December 04, 2017|
|How To Write Cover Letters|
For Your 2018 Job Search
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|How to write cover letters that get you noticed!|
Most job seekers spend hours creating their resumes and cover letters, searching through job postings, reviewing classified ads and networking - all in order to land the job interview. Yet 99% of them don't have a clue what to do when they get one.
There's a little known "secret career document" you can quickly and easily customize for your next important job interview that literally forces the interviewer to picture you filling the position. This powerful technique was created by one of California's top marketing professionals. His method guarantees you'll automatically stand out from the crowd and shoot straight to the top of the "must hire" list for any position you seek. To get hired faster, check out this video.
||How To Write Cover Letters...
By Susannah Snider, Personal Finance Editor at USNews.
Pro tip: Don't start your cover letter with "To Whom It May Concern."
When it comes to job searching, writing a great cover letter is key to scoring a job interview. It gives you a chance to display your character, address any gaps in your work history, mention whether a current employee referred you and showcase your fit for the job.
Still stumped about how to perfect this all-important job application document? Here's what to know about writing a cover letter.
What is a cover letter? This written document typically accompanies your resume and any other application materials when you apply for a job. The cover letter doesn't just repeat what's on your resume. It builds and explains the details of your work history and outlines why your previous experience will help you succeed at the job.
Alternatives for "To Whom It May Concern." Sorry, folks. Kicking off your cover letter with that classic phrase is outdated and may make you sound totally out of touch, experts say. It also may make your cover letter sound like a form letter that you've sent to dozens of hiring managers.
Instead of starting with that five-word cover-letter cliche, make an effort to find out who will be reading your cover letter and use his or her name in your formal greeting.
How to find the name of the person to whom you're addressing the cover letter. Ideally, you were referred by a professional contact who can tell you to whom to address the cover letter. Many employers don't believe in blind cover letters.
But if you're not sure what name to use, look at the job posting. Does it tell you to send all application documents to Mr. X or Ms. Y? If you're working with a recruiter, he or she should be able to demystify the name of your contact at the organization. You may also be able to do some online sleuthing on the company's website or a business networking site such as LinkedIn to locate the name of the hiring manager. Even if the manager won't be the first person to open your email, it'll make it look like you did your homework and customized your cover letter for that specific job.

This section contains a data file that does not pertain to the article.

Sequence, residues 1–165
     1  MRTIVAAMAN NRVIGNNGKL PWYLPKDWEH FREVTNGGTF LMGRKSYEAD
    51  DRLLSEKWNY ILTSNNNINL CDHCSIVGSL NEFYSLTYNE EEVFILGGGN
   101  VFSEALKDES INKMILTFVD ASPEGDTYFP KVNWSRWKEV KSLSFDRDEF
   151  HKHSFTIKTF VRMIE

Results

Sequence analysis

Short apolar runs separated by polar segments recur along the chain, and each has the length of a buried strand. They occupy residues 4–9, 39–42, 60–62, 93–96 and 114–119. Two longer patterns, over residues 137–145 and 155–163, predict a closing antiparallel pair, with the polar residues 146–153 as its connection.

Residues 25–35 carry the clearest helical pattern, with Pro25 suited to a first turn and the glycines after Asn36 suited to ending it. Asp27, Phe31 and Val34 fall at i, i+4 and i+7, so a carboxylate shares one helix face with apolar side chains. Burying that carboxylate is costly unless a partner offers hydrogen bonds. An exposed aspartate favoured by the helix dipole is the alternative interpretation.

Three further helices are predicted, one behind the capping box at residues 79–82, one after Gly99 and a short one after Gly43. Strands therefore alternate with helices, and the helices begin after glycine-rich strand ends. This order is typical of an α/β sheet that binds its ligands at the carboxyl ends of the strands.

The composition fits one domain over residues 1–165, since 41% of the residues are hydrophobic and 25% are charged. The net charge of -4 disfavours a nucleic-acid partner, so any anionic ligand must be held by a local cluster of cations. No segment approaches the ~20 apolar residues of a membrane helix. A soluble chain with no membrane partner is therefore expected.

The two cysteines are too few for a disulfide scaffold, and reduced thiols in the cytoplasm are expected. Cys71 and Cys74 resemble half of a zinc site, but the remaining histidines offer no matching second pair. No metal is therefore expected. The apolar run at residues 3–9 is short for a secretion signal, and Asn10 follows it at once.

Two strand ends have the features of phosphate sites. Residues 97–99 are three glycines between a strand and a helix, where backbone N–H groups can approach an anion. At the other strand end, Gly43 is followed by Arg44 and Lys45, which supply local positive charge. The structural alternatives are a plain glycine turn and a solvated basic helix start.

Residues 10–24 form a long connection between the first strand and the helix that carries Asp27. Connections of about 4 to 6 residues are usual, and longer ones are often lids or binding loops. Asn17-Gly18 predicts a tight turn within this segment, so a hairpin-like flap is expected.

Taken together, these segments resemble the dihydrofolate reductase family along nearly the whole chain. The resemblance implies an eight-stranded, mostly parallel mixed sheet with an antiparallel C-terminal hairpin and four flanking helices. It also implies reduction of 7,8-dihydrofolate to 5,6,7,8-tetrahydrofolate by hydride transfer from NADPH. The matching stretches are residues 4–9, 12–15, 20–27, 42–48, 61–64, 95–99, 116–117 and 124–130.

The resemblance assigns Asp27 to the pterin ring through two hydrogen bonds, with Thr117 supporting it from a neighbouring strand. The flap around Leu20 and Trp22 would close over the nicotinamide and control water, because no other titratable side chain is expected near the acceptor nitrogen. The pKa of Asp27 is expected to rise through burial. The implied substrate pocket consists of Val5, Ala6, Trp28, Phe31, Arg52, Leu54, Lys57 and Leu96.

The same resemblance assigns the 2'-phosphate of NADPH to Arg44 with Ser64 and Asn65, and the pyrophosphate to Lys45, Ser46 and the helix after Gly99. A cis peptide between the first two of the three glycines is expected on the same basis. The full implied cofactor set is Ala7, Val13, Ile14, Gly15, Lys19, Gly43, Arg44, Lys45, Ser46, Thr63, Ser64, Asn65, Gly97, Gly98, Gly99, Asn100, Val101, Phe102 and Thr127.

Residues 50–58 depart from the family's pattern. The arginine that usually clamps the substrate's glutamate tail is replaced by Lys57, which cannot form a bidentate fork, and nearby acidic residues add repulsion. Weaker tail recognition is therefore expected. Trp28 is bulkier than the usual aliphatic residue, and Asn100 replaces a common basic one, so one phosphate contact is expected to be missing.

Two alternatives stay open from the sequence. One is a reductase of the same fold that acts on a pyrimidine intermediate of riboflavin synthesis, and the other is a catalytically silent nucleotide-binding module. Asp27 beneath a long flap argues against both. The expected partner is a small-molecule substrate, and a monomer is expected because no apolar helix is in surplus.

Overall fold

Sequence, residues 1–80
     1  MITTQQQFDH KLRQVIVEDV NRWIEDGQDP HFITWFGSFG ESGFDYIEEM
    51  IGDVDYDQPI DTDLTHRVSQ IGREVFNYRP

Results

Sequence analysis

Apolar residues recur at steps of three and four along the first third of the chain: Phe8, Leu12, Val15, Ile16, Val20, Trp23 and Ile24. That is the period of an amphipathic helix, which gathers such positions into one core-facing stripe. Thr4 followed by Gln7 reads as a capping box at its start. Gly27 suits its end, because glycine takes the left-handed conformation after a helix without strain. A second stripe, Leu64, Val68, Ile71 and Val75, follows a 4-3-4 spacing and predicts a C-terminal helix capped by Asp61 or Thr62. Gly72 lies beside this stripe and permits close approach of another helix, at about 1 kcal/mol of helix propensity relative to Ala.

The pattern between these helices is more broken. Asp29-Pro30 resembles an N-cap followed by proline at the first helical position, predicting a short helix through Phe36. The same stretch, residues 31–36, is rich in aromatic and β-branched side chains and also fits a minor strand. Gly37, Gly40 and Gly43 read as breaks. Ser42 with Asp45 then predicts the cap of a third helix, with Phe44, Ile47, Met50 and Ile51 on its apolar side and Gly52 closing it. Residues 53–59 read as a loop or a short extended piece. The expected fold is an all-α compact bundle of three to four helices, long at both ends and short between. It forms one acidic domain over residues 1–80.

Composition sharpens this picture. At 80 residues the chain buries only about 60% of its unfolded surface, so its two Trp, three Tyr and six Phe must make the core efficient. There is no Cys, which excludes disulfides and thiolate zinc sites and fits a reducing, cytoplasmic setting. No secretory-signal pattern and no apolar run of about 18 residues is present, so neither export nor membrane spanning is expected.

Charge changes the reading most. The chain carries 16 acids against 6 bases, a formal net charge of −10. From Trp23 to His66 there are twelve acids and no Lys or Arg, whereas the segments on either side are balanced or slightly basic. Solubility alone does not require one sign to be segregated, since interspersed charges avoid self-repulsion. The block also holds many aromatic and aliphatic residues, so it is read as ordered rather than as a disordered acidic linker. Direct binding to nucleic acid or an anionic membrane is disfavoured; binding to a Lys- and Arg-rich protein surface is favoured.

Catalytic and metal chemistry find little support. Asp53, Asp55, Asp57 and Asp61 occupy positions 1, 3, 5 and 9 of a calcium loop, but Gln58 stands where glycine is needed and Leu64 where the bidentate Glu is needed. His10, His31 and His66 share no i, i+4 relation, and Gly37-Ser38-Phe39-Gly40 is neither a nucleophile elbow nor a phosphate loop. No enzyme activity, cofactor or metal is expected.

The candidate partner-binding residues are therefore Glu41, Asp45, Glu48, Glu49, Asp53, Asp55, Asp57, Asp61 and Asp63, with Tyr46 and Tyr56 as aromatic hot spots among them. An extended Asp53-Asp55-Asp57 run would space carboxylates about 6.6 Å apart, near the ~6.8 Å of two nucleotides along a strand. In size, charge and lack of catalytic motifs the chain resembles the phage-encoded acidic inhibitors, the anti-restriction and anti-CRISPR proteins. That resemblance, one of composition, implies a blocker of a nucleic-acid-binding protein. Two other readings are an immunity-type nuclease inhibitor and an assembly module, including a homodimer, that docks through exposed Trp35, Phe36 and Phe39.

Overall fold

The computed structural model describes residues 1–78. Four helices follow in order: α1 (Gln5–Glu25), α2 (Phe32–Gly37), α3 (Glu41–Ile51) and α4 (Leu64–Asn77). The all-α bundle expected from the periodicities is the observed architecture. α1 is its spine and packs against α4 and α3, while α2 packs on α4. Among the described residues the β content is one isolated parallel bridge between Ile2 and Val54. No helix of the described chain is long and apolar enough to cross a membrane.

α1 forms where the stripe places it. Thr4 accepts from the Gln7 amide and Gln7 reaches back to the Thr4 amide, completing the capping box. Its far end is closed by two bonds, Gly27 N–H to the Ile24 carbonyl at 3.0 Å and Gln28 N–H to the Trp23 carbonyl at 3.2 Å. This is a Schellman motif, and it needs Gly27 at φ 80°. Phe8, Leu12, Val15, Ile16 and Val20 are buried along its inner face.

What to know when looking for cover letter samples. There are tons of places to search for cover letter examples online. It's an easy Google Search away. For example, you'll find dozens of examples on job-search sites and on university career center websites, among other places. But don't just stop at the generic cover letter template, experts say. Make sure to customize your search by including your industry.
Different employment fields have varying customs when it comes to the style and substance of a cover letter, and you want to ensure that you're adhering to industry norms and common practices when penning your letter. After all, the cover letter from, say, a computer engineer should look very different from one coming from a journalist.
What to include in a cover letter. If you're responding to a job posting, pay close attention to what the job ad asks for you to put in the cover letter. Does it require you to name the digital file in a certain way? Should you answer specific questions or address requirements? Make sure that your cover letter complies with any instructions so that your application doesn't get tripped up in any online system or simply ignored by a human because it failed to follow the rules.
If you were referred by a professional contact, the beginning of the cover letter is the best place to say who recommended you and how you're connected to the person. As you construct the cover letter, demonstrate the value and accomplishments you brought to previous employment experiences by using metrics and other measurable proof of success.
Smart cover letter writers will parrot back some of the language used in the job description to make them sound well-suited for the job, experts say. Before you submit the cover letter, have a professional mentor someone you can trust - review the letter and give you feedback.
How long should a cover letter be? Brevity is key when it comes to writing a good cover letter, experts say. You need to keep them short and sweet. The job post might give you a word count or ask that you limit the cover letter to one page. If you don't have any hints from, say, the job posting on how long it should be, opt to keep it short. "You want to whet their appetite.
Susannah Snider is the Personal Finance editor at US News. Since 2010, she has reported on a wide range of personal finance topics, from consumer travel to college financial aid, student loans and employment. Snider previously worked as a staff writer at Kiplinger's Personal Finance magazine and holds a master's degree in journalism from the University of Southern California. You can follow her on Twitter @sussnider.